The last time the Knicks won a playoff game:
- Vince Carter was a rising superstar for their opponent, the Toronto Raptors
- Carter started alongside Alvin Williams, Antonio Davis, Charles Oakley, and Chris Childs
- Mark Jackson, rather than repeatedly telling his mother where men are going, played point guard for the Knicks
- Dell Curry was not yet “father of Stephen,” but “lights-out shooter and defensive liability off the Toronto bench”
- Curry shared the Raptors bench with, among others, Keon Clark and Jerome “The Junkyard Dog” Williams
- I was in eighth grade, presumably trying to attract girls by growing a splendid peach fuzz mustache
- Allan Houston had not yet signed the most franchise-crippling contract in NBA history
- Isiah Thomas had not yet decided Jerome James was worth $30 million
- Kurt Thomas was still young
Indeed, it’s been a long time since the Knickerbockers last won a playoff game. The Celtics hope that drought doesn’t end tonight, when 20,000+ New York fans—rabid due to the team’s recent lack of success, craving a victory like Michael Sweetney desperately searches for his next chocolate cake, trying to finally wipe away the pain and tears of the Isiah Thomas era—should make the Madison Square Garden ceiling quiver while celebrating playoff basketball’s return to New York.
“I’m pretty sure it will be crazy,” Carmelo Anthony said. “I think crazy is an understatement but that’s the word I’m going to use right now.”
Say what you want about Anthony and Amare Stoudemire, but they’ve brought excitement back to the so-called Mecca of Basketball. They’ve re-energized a fan base that had been reduced to begging prospective free agents. They’ve brought Spike Lee back to the playoffs. They’ve re-kindled memories of Reggie Miller’s choke sign and Willis Reed’s triumphant return, of Grandmama’s four-point play and John Starks dunking somewhere in the vicinity of Michael Jordan. They won’t win a championship this season, I think it’s safe to say. There’s very little chance they even get past the Celtics. But Madison Square Garden will once again be rocking tonight.
“They’re going to be hostile. They’re going to be raucous. They’re going to be excited,” said Ray Allen. “Regardless of who’s on their team, they’ll just be like, ‘We’re in the playoffs! We’re here.’ I’ve been on a team that hasn’t been to the playoffs in a long time, and when you make it, it’s big for what it does for your fan base, what it does for your city.”
And when that city is New York, it’s a big deal. I’m cautious about calling Madison Square Garden “The Mecca of Basketball.” Something about attributing that nickname to the home of the Knicks, who have won only two championships in 65 years of existence, seems wrong. But there’s no denying the history there. Not just the Knicks, either. Back when CCNY was a college powerhouse and the National Invitation Tournament (NIT) crowned NCAA basketball’s true champion, the Garden etched itself into the annals of basketball lore. And it’s not just the history. In New York City, the spotlight shines brighter than it does anywhere else.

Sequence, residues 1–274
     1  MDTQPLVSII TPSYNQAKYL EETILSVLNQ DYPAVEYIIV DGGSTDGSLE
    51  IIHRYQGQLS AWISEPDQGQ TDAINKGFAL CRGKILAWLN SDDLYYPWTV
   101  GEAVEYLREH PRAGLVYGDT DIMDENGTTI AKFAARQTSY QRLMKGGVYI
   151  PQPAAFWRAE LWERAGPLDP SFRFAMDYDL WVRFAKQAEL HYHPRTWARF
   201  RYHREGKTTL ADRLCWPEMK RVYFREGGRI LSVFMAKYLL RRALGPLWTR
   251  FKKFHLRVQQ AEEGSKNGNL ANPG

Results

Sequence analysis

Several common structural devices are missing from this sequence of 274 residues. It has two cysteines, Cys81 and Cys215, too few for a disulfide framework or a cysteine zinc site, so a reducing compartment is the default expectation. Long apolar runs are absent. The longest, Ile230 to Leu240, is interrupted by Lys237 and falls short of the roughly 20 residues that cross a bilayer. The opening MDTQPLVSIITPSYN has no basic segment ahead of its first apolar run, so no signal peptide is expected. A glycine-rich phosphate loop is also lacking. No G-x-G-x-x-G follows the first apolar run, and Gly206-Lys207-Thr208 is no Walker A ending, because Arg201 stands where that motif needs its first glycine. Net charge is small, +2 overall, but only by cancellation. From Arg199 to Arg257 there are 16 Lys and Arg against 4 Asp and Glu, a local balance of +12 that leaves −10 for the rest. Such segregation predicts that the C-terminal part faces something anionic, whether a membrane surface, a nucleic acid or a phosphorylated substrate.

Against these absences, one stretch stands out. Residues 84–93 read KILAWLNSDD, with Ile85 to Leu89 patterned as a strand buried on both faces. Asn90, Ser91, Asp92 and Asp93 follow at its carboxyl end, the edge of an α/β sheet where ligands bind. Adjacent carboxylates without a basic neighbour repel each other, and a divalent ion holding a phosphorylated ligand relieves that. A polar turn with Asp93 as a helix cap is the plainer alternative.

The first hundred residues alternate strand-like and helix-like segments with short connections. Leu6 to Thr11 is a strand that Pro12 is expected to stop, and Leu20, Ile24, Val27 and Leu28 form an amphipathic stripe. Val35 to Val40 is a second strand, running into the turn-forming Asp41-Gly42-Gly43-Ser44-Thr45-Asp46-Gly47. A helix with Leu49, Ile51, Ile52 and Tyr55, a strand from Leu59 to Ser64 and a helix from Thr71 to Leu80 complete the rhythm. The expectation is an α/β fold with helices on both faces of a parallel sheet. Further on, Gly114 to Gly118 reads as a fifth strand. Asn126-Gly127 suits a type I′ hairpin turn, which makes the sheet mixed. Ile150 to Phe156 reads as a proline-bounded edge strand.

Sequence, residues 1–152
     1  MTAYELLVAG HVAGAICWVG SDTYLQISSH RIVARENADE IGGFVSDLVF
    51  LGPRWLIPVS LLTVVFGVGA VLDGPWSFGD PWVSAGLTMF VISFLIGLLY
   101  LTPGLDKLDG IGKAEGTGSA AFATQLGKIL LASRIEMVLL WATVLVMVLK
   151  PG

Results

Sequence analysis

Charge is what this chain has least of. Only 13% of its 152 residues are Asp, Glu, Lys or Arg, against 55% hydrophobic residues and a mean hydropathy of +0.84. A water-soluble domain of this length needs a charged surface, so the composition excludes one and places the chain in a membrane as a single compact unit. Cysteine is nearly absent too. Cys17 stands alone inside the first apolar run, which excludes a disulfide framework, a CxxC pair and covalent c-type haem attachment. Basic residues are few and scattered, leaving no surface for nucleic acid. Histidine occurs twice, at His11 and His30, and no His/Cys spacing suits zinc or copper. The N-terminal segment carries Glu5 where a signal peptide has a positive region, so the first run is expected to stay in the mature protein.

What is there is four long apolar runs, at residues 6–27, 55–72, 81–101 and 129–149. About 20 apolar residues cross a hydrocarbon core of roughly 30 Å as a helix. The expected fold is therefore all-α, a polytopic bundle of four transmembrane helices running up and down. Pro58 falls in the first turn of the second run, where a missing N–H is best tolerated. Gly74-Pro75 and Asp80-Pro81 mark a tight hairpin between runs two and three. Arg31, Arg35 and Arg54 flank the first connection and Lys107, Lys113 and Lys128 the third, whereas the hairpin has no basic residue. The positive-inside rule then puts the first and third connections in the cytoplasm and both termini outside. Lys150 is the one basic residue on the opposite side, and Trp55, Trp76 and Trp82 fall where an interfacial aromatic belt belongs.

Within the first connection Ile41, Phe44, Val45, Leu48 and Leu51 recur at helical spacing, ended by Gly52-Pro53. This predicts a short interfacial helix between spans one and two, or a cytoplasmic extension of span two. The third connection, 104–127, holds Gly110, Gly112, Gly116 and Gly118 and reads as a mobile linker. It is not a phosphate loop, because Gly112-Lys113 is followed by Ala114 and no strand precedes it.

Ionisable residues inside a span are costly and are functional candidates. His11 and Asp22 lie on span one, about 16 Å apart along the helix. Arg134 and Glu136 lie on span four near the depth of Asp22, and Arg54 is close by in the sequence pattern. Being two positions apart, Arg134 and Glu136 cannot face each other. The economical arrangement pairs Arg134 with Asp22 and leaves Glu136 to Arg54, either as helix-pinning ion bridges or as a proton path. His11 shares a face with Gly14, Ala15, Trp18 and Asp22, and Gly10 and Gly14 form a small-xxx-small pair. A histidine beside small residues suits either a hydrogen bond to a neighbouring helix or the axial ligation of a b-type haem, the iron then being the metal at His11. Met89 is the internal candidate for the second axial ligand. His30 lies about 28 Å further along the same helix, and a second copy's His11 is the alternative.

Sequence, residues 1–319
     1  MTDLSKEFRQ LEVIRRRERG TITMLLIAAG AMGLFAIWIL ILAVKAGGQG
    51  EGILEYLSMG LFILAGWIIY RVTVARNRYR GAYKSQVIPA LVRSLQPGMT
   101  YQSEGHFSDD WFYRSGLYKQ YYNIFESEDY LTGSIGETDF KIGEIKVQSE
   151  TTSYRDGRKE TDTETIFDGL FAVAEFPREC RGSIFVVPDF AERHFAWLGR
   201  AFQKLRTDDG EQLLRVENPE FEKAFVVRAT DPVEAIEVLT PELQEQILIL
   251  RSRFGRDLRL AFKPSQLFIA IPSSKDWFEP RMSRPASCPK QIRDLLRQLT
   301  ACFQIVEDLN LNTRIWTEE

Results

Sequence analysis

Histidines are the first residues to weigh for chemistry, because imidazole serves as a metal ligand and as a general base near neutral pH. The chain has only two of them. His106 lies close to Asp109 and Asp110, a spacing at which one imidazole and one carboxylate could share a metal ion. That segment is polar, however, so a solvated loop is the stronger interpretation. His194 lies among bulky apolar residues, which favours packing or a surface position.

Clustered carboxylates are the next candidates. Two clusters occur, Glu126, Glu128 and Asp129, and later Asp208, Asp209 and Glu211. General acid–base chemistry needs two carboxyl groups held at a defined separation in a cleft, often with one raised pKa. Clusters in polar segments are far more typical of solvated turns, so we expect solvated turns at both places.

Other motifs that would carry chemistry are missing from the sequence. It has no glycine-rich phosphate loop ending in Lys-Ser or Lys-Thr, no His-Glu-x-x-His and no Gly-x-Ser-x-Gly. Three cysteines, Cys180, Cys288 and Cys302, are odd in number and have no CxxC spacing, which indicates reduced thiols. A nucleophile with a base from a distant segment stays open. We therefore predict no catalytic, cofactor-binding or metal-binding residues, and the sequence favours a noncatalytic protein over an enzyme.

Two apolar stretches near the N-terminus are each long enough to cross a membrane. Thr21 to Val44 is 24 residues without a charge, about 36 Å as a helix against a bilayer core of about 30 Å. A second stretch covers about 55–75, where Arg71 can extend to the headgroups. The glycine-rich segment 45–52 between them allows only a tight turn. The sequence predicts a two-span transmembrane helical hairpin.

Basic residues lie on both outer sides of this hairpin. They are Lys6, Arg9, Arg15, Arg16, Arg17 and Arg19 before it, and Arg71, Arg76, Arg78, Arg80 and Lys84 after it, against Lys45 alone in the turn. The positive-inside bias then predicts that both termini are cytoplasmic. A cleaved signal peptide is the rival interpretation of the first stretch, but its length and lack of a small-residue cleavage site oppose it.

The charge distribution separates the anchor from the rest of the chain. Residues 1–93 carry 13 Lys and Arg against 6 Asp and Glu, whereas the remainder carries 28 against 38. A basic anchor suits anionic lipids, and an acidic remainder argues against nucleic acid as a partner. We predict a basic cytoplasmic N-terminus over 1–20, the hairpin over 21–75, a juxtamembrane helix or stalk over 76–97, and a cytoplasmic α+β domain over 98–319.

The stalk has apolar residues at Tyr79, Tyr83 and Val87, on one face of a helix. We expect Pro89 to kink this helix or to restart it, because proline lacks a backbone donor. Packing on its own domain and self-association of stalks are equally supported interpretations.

Normally, I wouldn’t care about the media spotlight a city provides. I care about basketball, not “the way people who are paid to react to basketball react to basketball.” In a way, though, and bear with me here, the bright lights might also affect the level of play. Reggie Miller made love to pressure, so is it crazy to believe he saved his best for when the pressure was highest, for when he knew more people were watching? If the Knicks played in Podunk, would Kobe Bryant have gone Roger Maris (61 points) two seasons ago? Keep in mind, this was a more team-oriented Kobe who scored 61, not the “kill everybody and ask questions later” Kobe of the Smush Parker era. Would Lebron James have tried to one-up Bryant with his 52-point, 11-assist, 9-rebound show just two days later? Stars know New York’s different, that Madison Square Garden’s different. Score 55 points against the Orlando Magic, and that’s cool. Score 55 points in Madison Square Garden and your “Double Nickel” will be remembered forever.
Madison Square Garden provides a greater stage, perhaps the greatest stage, for basketball. I’m not calling it the world’s greatest arena and I’m still afraid to call it The Mecca of Basketball. But when playoff basketball returns to the Garden tonight, the NBA will be a better place, and I wouldn’t be surprised if more history gets made.